All drag queens are different. Many of us do this for different reasons. Some transgender people found drag as a way to have a job when they weren’t accepted into society many years ago, and some found it as a way to help them transition into their true gender. Some do this as a job to make money and others do this as a hobby. To me, this is a creative outlet. I don’t get to use my degree in my current job, so I get to use it when I am working on stage costumes. Something can be very cathartic about coming up with a design concept, then sewing it, then stoning it to all get out so it blinds and blinds on stage.
Drag is becoming a pop culture item with people using drag culture Metaphors in their everyday lives, such as saying “Yasss Queen” or even using the word “slay” in their everyday Vocabulary. How do you feel about this?
I am all for acceptance. To me, RuPaul’s Drag Race has been both good and bad. It’s definitely propelled drag into mainstream culture. Over the past 15 years of performing, I have seen a huge shift in where we work. 15 years ago, the only shows were at gay bars.Now, there are cabaret style shows, Brunch shows and many straight venues getting into what we do. I have been hired to even just go to a party in drag and walk around to liven up the evening. I have seen drag queens who officiated weddings. It has given us a bigger “stage”. At the same time, I often hear newbies who watched RuPaul’s Drag Race say how a show wasn’t what they were expecting. What we do in our shows is not shown on RuPaul’s Drag Race until the last couple of minutes when they lip-sync for their life. That show is there to make good tv, which includes drama, and finding girls who will be petty and talk shit to each other.
In your eyes, what is the future of Drag?
I think that the future of drag is moving into more cabaret/theatre style show. I see less and less shows happening at gay bars. I see more and more starting at comedy houses and restaurants (good for me cuz I like to eat). The gay community has seen drag for so long, that it is almost as if they are tired of it. The biggest boom of drag over the last 5 years has been the Drag Bingo and Restaurant Shows where people come in to see a show as they eat dinner and brunch. I also see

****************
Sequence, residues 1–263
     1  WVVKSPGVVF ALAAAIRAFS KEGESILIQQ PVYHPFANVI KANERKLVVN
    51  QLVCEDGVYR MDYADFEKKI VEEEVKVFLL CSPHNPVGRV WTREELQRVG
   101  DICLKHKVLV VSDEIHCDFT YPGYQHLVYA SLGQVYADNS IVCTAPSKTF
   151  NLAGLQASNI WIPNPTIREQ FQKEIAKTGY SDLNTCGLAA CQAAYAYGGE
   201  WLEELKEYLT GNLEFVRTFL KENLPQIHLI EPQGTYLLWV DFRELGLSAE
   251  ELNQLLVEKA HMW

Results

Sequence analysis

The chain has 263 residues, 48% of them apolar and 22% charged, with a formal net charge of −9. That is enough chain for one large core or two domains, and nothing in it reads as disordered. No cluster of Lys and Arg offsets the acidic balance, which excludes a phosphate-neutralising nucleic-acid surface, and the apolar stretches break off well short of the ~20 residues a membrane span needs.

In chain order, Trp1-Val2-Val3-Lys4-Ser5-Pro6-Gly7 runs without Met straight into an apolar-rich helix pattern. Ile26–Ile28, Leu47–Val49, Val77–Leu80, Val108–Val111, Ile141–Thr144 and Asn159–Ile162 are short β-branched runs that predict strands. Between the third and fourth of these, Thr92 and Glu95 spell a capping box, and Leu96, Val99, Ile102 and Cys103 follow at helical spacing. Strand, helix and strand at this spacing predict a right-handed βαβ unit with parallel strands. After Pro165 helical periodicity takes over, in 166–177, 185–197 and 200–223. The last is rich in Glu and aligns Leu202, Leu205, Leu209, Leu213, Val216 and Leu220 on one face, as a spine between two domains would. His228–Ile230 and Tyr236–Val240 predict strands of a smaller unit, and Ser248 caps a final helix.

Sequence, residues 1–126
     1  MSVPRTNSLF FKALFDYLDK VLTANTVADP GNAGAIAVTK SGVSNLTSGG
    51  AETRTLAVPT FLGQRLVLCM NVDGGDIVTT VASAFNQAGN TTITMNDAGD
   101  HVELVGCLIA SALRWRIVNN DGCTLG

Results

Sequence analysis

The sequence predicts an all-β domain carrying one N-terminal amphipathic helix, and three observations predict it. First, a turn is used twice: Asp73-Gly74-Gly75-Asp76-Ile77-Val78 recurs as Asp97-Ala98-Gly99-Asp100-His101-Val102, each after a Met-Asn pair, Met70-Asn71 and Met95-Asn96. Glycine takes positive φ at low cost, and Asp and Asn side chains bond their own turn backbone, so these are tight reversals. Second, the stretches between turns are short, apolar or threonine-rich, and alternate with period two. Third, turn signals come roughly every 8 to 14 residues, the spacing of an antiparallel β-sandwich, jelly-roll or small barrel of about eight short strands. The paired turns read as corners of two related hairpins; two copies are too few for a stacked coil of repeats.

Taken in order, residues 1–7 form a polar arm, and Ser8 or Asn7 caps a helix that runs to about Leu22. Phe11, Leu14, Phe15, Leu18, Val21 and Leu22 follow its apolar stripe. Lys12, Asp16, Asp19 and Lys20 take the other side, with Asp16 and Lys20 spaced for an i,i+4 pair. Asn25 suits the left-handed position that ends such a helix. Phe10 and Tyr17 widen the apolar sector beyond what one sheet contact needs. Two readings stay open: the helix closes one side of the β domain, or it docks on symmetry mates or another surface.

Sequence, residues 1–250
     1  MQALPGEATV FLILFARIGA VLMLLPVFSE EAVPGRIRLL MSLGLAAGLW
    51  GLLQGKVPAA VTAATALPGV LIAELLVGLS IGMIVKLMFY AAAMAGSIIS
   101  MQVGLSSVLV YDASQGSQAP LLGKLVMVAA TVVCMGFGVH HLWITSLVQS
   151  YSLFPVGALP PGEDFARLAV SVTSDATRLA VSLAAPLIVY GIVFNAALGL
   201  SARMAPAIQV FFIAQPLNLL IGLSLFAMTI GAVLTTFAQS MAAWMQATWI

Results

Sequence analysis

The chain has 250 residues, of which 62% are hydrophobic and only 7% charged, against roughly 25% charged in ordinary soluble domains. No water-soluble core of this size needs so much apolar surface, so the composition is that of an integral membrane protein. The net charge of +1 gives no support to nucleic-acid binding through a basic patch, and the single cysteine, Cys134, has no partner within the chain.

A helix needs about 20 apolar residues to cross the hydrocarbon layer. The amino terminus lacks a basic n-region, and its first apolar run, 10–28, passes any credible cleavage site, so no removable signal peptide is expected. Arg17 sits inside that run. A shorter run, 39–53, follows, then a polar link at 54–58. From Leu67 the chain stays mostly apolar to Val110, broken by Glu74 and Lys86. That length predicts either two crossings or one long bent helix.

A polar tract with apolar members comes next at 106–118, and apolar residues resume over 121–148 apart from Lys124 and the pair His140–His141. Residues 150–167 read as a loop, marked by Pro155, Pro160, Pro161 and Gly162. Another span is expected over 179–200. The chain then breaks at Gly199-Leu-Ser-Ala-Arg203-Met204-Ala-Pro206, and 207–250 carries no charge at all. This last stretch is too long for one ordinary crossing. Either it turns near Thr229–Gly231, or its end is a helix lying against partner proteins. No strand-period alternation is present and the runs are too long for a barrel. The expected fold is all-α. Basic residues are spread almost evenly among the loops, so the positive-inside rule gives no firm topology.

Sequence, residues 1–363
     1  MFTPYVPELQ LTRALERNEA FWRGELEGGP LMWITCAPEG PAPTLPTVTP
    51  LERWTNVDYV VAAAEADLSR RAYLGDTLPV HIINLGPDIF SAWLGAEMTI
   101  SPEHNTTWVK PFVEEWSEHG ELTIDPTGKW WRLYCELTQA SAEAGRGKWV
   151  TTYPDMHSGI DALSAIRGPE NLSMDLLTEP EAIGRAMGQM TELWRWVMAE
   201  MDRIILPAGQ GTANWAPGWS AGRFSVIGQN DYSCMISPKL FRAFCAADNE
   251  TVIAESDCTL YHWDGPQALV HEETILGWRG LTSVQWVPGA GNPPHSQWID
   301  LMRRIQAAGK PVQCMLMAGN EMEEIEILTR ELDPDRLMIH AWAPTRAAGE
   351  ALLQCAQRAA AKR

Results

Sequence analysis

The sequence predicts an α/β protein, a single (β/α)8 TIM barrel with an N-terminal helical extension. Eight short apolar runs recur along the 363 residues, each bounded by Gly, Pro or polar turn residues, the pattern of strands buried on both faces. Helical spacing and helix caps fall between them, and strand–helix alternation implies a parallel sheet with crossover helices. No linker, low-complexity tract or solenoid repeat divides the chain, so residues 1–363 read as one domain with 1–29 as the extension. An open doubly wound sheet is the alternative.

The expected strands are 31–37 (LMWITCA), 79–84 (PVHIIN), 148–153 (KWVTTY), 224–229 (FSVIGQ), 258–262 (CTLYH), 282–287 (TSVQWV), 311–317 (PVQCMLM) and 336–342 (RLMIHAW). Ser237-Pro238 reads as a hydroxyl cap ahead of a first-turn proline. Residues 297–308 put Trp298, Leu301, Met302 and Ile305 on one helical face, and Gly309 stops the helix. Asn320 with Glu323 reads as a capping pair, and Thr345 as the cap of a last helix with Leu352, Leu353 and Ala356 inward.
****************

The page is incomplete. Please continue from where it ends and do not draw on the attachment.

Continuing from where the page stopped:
drag moving away from the typical “female impersonation” that it used to be where you had to look like a woman to be a performer. I see more and more interesting looks. Drag Queens with beards, Drag Queens who don’t wear breasts. It is more about a gender bending performance art experience.
Do you have any tips for anyone inspiring to be the next drag superstar?
Listen and Learn. Also, know that drag is going to take A LOT of time and money if you want to do it right. Even if you have a full time job, this will become a second full-time job that doesn’t pay. Pay respect to the queens who came before you because they might just give you a booking or a costume. This is a hard industry. Brooke Collins is currently the only queen in Charleston who has been here performing longer than myself. When I started. I would go in the dressing room and just watch her. See how she did her make up. How she worked a crowd. How she handled the business of a show. I contribute most of what I have learned over the years to her. When the newbies come in, just learn from the more seasoned. Doesn’t mean you have to be like them, but take away from them the good and discard the negative. Even if you hate someone or someone isn’t nice, there is always a lesson to learn, even if it is to not treat others like that person did.